4. I really don't have an answer for you. Just wanted to say my son had similar issues. His diagnosis is ADHD/dysgraphia. He never wanted to use the accommodations in his IEP. He saw himself as typical and saw the accommodations as cheating. He also didn't want his classmates to view him as different/disabled. I think he was afraid this could end up with him being teased/bullied/shunned. When he got closer to graduation and could see himself living a life after graduation, this is when he started to realize he needed to do better so he could graduate with his class. He graduated in 2022. I can see your child using their accommodations if they had peer models that had similar accommodations. He'd have this is he was attending a school where everyone had dyslexia...or a summer camp where they bring dyslexics together. At 15, he's not seeing the importance of being able to write well.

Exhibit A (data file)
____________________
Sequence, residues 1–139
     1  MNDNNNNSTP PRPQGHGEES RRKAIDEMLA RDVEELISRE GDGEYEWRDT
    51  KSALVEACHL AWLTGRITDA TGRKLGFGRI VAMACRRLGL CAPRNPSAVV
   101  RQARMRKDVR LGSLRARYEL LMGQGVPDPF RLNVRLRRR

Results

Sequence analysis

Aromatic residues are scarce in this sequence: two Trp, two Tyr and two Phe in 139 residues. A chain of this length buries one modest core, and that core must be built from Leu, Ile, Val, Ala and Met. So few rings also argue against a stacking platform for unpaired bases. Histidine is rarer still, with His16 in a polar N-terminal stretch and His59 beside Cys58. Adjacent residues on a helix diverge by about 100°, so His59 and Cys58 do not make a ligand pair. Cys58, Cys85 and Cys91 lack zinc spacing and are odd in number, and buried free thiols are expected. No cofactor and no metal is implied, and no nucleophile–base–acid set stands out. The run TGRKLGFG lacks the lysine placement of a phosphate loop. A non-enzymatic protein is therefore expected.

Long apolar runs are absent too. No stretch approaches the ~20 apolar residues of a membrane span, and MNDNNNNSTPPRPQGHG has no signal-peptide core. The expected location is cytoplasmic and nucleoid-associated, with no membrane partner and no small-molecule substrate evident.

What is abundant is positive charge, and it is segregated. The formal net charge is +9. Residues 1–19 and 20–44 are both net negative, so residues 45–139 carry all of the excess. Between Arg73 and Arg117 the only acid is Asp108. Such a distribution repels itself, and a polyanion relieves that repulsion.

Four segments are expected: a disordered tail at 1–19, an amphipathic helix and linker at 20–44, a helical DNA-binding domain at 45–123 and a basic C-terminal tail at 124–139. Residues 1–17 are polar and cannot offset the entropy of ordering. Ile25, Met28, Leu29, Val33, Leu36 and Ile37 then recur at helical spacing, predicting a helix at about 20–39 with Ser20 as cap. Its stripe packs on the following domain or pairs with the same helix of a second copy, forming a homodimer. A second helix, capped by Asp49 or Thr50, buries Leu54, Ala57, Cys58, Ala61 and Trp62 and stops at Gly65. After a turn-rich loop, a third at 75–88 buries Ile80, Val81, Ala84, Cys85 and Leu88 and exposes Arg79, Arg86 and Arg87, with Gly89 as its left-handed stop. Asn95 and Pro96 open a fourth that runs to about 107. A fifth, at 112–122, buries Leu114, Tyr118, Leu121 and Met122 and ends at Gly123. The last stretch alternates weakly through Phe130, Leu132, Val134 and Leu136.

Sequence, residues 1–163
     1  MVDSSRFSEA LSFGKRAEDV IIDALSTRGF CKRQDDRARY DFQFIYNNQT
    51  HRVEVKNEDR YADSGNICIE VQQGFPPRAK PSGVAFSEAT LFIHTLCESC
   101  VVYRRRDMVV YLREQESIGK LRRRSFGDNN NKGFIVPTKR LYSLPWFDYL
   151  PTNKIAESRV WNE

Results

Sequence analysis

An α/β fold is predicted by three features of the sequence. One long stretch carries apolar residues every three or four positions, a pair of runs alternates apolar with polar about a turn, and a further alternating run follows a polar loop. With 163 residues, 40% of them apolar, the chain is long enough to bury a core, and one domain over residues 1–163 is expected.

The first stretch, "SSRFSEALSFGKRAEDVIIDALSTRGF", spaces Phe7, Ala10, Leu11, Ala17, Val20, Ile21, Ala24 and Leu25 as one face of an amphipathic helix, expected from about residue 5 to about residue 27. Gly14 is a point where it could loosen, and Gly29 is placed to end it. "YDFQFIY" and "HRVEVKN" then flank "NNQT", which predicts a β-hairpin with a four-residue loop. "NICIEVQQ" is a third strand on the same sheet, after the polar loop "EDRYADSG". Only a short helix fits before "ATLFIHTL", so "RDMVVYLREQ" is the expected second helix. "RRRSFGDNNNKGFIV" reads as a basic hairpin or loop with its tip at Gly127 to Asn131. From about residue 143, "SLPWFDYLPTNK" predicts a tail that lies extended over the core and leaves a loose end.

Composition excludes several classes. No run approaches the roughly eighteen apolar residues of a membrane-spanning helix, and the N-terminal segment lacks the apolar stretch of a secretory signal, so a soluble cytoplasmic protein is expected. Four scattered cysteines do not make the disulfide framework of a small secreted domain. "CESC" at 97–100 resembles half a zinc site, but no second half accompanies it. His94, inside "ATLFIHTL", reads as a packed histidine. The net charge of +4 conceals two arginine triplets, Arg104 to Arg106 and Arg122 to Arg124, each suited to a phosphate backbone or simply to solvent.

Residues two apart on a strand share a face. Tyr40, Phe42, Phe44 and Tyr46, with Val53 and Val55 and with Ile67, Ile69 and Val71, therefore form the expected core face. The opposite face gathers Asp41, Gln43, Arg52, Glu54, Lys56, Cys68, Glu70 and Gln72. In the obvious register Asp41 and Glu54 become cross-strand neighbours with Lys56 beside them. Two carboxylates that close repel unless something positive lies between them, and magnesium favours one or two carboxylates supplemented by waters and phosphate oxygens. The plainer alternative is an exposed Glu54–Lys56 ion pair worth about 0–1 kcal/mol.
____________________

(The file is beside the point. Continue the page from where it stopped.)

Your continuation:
5. Hi! I have a 15yr boy/freshman with a complex learning profile including dyslexia, ADHD and written expression issues. One of the goals we’ve been working on for years is his written expression and the different components of writing. This year we’re focused on organization, style, & conventions (based on PA writing rubric). He has been resistant for years to embrace his AT (Google read/write, Grammarly) to utilize the spell and grammar check. And I’ve tried to explain that these things can be easily corrected with tools and help paint the picture to the reader what he’s writing about etc… I think due to his ADHD he can’t be bothered to fix the misspelling and just wants to get the assignment turned in as quickly as possible. I’m looking for any ideas, suggestions, different tools he would be more inclined to use. PA Writing Rubric https://pa01000176.schoolwires.net/cms/lib/PA01000176/Centricity/Domain/1009/PA writing assessment rubric.doc